Valve has made a major amendment to its Steam Distribution Agreement for all publishers on Steam, which changes the way revenue sharing happens between Valve and the publishers. According to the new system, the revenue sharing system will be done such that 75% of the revenue goes to the publishers and 25% of the revenue goes to Steam once the game hits more than 10 million dollars in revenue. Once the game crosses 50 million dollars in revenue, the revenue is split with 80% going to the publishers and 20% to Valve.

          What has not been mentioned is the fact that any game not reaching the 10 million dollar threshold still has to shell out 30% of the revenue to Valve.

                                                                                               This had irked quite a lot of indie game developers who are not happy with the predicament. In their words, indie games will suffer the most, since indie games will almost never cross that 10 million dollar threshold proposed by Valve.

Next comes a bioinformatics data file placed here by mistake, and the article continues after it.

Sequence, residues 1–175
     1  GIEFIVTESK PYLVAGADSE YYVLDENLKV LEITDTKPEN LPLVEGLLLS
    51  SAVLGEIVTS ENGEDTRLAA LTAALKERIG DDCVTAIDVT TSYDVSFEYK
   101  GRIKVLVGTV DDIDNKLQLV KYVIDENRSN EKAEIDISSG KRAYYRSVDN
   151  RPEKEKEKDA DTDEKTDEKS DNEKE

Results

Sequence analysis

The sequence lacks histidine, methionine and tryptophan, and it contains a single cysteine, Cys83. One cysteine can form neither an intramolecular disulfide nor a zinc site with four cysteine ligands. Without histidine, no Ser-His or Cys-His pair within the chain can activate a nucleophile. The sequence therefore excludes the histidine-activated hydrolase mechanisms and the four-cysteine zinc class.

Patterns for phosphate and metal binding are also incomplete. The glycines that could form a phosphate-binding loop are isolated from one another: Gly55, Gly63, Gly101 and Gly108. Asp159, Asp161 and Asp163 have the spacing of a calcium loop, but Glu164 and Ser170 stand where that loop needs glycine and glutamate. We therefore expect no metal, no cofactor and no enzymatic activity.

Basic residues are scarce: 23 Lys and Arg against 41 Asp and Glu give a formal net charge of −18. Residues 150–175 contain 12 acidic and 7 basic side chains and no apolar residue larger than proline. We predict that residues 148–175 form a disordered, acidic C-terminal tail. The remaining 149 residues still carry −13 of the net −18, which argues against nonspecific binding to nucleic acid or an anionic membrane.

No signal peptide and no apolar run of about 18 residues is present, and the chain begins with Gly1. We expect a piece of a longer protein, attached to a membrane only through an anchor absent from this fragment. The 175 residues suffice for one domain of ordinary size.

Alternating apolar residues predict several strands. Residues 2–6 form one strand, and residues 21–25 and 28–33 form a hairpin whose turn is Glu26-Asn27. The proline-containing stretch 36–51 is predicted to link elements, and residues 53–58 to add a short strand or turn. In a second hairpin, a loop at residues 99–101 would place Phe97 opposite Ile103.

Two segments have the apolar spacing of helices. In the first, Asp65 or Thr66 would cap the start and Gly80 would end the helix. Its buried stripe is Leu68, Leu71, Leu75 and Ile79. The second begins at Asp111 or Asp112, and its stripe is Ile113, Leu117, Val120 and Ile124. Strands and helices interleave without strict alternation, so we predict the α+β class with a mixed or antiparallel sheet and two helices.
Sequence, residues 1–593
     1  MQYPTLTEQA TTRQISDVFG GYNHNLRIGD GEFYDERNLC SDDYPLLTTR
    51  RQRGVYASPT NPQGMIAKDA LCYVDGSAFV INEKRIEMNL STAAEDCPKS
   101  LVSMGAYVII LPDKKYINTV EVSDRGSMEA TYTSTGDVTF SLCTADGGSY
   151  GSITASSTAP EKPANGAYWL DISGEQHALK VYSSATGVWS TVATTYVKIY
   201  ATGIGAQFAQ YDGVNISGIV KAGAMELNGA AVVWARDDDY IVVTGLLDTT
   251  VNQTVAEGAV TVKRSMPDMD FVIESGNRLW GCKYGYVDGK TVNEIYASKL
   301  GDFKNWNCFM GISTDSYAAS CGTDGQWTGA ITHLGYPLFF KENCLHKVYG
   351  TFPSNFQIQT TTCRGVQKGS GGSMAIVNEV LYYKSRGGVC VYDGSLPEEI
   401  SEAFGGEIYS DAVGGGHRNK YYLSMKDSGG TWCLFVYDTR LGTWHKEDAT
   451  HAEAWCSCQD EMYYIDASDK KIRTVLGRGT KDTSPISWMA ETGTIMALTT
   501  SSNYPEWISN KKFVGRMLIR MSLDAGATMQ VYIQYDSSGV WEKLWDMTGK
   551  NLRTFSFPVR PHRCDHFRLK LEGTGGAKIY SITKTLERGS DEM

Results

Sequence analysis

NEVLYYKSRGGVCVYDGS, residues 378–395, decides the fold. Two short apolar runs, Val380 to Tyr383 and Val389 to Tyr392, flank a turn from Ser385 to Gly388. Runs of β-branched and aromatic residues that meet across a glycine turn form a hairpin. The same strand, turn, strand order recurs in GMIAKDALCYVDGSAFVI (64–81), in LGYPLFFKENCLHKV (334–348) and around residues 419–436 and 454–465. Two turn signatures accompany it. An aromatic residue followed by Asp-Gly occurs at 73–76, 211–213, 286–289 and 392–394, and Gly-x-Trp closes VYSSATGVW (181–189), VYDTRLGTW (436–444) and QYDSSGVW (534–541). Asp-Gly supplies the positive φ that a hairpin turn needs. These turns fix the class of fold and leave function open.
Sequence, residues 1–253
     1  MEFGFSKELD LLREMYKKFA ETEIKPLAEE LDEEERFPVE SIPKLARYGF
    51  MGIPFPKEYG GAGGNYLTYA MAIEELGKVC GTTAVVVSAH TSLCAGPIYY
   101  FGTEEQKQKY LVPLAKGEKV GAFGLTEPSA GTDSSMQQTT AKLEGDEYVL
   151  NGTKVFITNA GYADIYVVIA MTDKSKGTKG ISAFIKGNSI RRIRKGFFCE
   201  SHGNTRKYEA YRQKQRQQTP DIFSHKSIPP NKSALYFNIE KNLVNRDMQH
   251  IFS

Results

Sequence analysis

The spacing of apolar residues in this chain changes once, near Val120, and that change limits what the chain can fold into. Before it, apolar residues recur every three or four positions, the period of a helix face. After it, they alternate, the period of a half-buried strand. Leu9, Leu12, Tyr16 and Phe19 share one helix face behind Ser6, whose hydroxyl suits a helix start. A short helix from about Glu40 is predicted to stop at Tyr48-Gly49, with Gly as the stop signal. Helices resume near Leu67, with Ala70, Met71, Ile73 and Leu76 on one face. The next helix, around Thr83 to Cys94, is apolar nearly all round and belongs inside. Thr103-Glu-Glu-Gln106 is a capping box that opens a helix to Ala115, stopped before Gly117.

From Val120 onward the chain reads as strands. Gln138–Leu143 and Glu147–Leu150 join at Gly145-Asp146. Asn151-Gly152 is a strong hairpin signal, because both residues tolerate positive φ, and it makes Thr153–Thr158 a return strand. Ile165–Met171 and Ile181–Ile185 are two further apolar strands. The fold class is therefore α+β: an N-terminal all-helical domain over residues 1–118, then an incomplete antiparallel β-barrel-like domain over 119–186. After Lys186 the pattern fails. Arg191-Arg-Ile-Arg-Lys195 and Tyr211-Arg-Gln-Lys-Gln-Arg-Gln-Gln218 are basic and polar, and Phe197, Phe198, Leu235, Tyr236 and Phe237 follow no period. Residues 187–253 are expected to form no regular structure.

There seems to be some truth in the argument that Valve’s actions have been inspired by AAA developers like EA, Ubisoft and more recently, Bethesda and Activision, who have shifted the publishing of games over to their own distribution platforms instead of choosing to publish on Steam. The new revenue sharing structure seems to be a feeble attempt at wooing big developers back to Steam. However, this also does mean that the new structure is highly discriminatory in nature, especially towards indie developers.

                        Another major update is that publishers now have the freedom to share relevant data related to the sales of their products published on Steam with the buyers or other publishers as they wish.

                                           This update indicates that not everything is going well at the Valve HQ, since this move seems to have been a knee-jerk reaction to other publishers shifting focus to their own distribution platforms. It seems that Valve is keen to eliminate the competition and ensure Steam remains the platform of choice for all gamers.

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